"My husband reads everything I write and is my staunchest supporter. When the edits came for my first book, we were in the midst of an Iowa blizzard. He sat down with a red pen to go through the book since he has a degree in journalism and said he’d catch what I’d miss. One of my fondest memories will always be of the look on his face when he finished the book and turned to me. He said, 'Baby, this is good. This is really, really good.' I’m not sure what he had expected but he tells friends that I constantly amaze him with my ability to fashion worlds and create believable characters, to keep him enthralled page after page. He tells everyone he meets that his wife is a writer and that he’s damned proud of her. You can’t ask for better support than that," she said. "As for my sons? Well, that’s a different matter. The sex scenes embarrass them so they haven’t read any of my ‘romance’ books but one of my oldest son’s favorite tales is about how he was sitting on a plane with his fellow troops on the way to Korea, reading my first novel. His lieutenant walked past, saw the cover and asked what he was reading. 'My mom’s book, sir,' Pete replied. Nice of her to loan it to you,' the lieutenant smirked. 'Oh, no, sir!' Pete corrected. 'My mom wrote the book, sir.' With an arched brow the lieutenant demanded to be given the book. Pete handed it over saying, 'That’s my mom, Charlotte Boyett-Compo, and if you’ll look inside, sir, you’ll see where she dedicated it to my dad, my brother, and I.' The lieutenant did, indeed, look inside and then handed the book back saying, 'I’d like to read it when you’re finished, Corporeal Compo.' Believe it or not, I got a fan letter from his lieutenant and the last line says: 'You should be very proud of your son because he’s not just a very fine medic, he’s a man unafraid to speak up and say he’s proud of his mom.'"

If Charlotte could entertain a character from a book, she would love to meet Steve Morgan from Sweet Savage Love, which (by the way) is Charlotte's favorite all time book... "warts and all," she said. "I am a woman of the sixties." Steve would look exactly like Adrian Paul during his Highlander heyday. "Of course," she told me, "I would be his Ginny and look like me...poor man. We would share one helluva rousing evening filled with steamy sex, slap and tickle, creamy sex, a bit of bondage, more steamy and creamy sex, a little more slap and tickle, a dark bareback ride across a moonlit field and a naked swim in a lake completely devoid of anything that might bite, sting, or nip, slither or slurp or infect our defenseless body parts. I’d run. He’d catch me, bring me down, roll me over and pinned me helplessly to the soft, clover-strewn ground, his knees spreading my legs wide. I would thrash my head but he would capture my lips and devour them…and me. We’d have some more naughty stuff then I’d fall asleep with my head on his shoulder. The next morning, one of my Reapers…most likely Kamerone Cree…would show up, beat the living hell out of Steve and carry me off, dangling off his broad shoulder to chastise me for daring to betray him." She sighed. "Oh, a girl should be so lucky!"

Charlotte's favorite food depends on her mood. She's originally from Georgia, so sometimes craves a good ol' southern meal like baked ham, collard greens smothered with pepper sauce, fried okra, fresh sliced tomatoes, and cornbread. Comfort food? Hot and sour soup or Brunswick stew. For snacking, give her Bugles and hot chunky salsa with a bottle of Lipton's Raspberry White tea or a big container of frozen strawberries. She eats them like ice cream. Her favorite candy is Mounds and she can eat them by the case, followed closely by Nestle's Crunch. She's also been known to inhale an entire box of chocolate covered cherries at one setting.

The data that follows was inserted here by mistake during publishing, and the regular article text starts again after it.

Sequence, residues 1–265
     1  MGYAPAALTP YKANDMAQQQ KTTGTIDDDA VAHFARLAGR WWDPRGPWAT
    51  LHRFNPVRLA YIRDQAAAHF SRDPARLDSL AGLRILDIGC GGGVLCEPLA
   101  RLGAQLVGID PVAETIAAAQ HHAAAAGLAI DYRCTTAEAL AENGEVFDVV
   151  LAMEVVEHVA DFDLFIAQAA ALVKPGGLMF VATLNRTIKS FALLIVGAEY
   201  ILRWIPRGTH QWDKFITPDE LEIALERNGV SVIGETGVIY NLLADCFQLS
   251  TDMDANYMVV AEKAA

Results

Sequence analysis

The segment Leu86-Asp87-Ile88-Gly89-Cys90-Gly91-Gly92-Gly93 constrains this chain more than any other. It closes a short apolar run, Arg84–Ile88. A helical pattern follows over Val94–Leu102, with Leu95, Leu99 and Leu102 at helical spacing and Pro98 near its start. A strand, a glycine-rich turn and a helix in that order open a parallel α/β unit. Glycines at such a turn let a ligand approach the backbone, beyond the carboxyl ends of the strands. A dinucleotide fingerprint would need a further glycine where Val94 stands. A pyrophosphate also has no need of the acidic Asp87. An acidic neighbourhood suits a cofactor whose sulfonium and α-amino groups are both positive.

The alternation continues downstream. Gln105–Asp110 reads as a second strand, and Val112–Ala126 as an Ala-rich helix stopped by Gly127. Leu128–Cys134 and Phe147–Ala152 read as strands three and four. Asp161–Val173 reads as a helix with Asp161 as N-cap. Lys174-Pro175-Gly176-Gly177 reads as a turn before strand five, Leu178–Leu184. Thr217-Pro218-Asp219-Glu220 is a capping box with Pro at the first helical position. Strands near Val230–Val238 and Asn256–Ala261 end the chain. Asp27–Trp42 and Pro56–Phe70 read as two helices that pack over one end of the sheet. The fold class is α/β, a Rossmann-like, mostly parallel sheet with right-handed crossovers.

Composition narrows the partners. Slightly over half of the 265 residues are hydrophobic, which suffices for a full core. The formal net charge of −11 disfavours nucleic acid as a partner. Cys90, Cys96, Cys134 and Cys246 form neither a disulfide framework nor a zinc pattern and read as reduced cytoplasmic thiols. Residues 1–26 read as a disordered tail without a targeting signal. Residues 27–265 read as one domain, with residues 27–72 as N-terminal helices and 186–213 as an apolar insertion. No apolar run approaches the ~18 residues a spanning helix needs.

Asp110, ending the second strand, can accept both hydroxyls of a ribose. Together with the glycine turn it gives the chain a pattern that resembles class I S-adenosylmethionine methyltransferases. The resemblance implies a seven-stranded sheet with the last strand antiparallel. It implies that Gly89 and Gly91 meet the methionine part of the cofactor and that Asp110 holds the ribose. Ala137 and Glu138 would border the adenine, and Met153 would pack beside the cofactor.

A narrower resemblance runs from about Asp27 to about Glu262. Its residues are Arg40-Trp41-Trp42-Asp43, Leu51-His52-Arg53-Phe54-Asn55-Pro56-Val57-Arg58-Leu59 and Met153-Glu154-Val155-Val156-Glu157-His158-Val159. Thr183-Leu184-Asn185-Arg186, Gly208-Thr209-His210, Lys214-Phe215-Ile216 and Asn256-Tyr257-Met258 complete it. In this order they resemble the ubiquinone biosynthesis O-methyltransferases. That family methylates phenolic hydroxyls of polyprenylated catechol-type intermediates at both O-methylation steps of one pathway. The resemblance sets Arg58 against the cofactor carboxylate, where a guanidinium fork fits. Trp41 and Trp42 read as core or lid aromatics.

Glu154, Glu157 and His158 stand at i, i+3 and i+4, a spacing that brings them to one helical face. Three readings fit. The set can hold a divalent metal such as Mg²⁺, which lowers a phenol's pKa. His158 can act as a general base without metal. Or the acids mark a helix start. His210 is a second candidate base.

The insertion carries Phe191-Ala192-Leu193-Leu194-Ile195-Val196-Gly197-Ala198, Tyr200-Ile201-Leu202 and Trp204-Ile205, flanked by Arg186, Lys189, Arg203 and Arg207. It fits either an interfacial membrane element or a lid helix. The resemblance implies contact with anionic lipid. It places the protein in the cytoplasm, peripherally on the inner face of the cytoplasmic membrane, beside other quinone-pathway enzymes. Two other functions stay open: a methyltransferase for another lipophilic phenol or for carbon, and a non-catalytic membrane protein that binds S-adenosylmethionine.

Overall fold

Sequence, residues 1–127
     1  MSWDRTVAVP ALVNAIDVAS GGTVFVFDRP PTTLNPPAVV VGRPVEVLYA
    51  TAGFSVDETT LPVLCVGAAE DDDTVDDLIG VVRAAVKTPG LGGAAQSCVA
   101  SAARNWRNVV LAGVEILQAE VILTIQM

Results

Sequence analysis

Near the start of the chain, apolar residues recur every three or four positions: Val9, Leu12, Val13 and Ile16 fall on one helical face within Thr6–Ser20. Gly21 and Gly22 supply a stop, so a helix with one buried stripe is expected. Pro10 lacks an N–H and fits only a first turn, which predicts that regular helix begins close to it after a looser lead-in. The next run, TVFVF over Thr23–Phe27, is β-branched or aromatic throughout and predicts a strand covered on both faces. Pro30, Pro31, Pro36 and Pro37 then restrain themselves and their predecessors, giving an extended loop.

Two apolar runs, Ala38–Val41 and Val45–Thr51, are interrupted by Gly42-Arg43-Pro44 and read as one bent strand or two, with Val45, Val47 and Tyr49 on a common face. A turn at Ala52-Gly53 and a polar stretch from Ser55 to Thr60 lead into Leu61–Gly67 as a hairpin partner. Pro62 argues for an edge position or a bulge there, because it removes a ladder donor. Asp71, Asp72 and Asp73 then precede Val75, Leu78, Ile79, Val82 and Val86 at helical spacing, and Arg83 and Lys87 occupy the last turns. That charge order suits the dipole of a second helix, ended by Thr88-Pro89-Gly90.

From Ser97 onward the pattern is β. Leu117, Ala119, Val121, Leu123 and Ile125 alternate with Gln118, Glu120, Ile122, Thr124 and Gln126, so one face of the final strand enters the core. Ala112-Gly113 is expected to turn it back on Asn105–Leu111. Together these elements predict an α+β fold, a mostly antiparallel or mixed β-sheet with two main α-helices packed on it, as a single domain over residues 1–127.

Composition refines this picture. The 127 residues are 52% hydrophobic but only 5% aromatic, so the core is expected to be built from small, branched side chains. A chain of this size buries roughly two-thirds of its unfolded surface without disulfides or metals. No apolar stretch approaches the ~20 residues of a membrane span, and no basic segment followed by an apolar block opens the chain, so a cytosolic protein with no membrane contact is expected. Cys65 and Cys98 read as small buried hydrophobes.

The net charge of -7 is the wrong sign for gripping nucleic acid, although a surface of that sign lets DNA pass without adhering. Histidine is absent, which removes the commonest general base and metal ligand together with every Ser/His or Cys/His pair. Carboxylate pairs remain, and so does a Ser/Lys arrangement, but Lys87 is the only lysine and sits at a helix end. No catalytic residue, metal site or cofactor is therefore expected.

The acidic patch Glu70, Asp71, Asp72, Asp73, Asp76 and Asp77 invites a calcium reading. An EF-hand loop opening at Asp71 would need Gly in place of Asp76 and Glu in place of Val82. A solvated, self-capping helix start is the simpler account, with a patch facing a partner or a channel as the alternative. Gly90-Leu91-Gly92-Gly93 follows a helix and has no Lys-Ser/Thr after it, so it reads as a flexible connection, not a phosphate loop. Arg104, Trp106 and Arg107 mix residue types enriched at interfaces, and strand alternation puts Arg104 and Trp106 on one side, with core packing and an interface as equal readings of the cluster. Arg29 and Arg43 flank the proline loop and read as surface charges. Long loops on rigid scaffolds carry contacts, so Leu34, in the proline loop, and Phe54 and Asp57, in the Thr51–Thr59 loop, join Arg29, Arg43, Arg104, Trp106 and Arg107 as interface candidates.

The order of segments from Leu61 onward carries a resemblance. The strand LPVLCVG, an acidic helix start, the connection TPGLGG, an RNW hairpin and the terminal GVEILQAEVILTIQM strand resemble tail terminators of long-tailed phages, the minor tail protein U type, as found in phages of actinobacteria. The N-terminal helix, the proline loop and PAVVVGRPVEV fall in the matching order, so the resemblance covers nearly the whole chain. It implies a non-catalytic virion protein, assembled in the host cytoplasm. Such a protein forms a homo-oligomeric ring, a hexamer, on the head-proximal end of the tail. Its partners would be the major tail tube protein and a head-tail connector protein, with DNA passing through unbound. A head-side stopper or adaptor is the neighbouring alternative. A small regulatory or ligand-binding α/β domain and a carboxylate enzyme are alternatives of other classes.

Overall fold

However, you will not find her eating snails ("Nothing that crawls and leaves slime behind it should ever find its way into my mouth"), oysters ("They look like somebody's bad cold"), or liver ("Just because it smells good in gravy doesn't mean you should put it in your mouth.")

And, since she is from Georgia, of course she can tell the difference between Coke and Pepsi. "I can also tell the difference between Coke, Pepsi, and RC. Coke and RC are for putting salty peanuts into them, not for drinking without embellishment. Cherry Pepsi is the nectar of the gods and should be treated with the reverence it deserves," she stated. "Diet versions of aforementioned drinks...that's what they are called in the south—not pop; not soda; not soda pop...are for sissies. You only live once. Swig down all the calories and sugar you can while you're still able to enjoy them."

On a much more personal note, her husband of 43 years can tie a cherry stem with ease. "When we were dating he would make it a point to look me in the eye as he did it very slowly, one eyebrow crooking up when he finished," she admitted. "He was one of those proverbial bad boys your mama warns you about for thankfully I didn't pay any attention to Mama. She, too, married a bad boy. Personally, I believe they're the best kind. I met him on a blind date when I was seventeen and we married the following year when I turned eighteen. Believe me when I tell you it wasn’t easy remaining a virgin until my wedding night but we somehow managed to make it…many cherry coke stems be damned!"

Her favorite letter is X and she explains why. "It holds a world of meaning. It marks the spot. It crosses out that which does not belong. It lets you know something is going to be very hot when read or viewed. It is eXcellent. It is eXciting. It is eXact. It is eXhilarating. As a writer I can eXpress myself with eXcerpts that will eXtract all manner of emotions from my readers. It is an eXtremely important letter that eXudes eXpection and eXerts eXaltation. And you can’t have seX without it! What’s not to like about Lady X?"

If a movie were to be made of her life, she would want Sandra Bulloch to play the younger her. "She's a southern girl and she's got the quirky personality I had when I was that age," she said. And the now-her? With a large sigh, she said, "A rather befuddled Cher who's gained fifty pounds of sludge."

Finally, I asked Charlotte what one piece of advice she would give a new writer.

"Pay less attention to the well-meaners in your life and more attention to the voice of your inner muse," she told me. "Friends, family, co-workers and neighbors have ruined the dreams of many would-be writers by telling them things ‘for their own good’. On my desk is a motto than I share with every fledging writer who emails me. It says: 'People too weak to follow their own dreams will always find a way to discourage yours.' If you want something bad enough, you’ll find a way to achieve it. Be patient. Be resilient. Most important of all, don’t toss your dream away because someone tells you it will never come true."

Charlotte shared she will gladly send autographed bookplates to any reader who sends her a SASE (self-addressed stamped envelope) and she will also include a postcard of that book's cover art. Her mailing address is:

Charlee Compo %WindLegends Ink PO Box 745 Grinnell, IA 50112 You can keep up with Charlotte on her website, http://www.windlegends.com